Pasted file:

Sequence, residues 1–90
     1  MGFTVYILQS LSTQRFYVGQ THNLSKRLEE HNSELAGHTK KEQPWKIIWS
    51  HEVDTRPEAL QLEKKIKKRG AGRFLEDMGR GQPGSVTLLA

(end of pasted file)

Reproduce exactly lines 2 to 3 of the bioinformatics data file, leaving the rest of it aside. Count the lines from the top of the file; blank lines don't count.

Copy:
     1  MGFTVYILQS LSTQRFYVGQ THNLSKRLEE HNSELAGHTK KEQPWKIIWS
    51  HEVDTRPEAL QLEKKIKKRG AGRFLEDMGR GQPGSVTLLA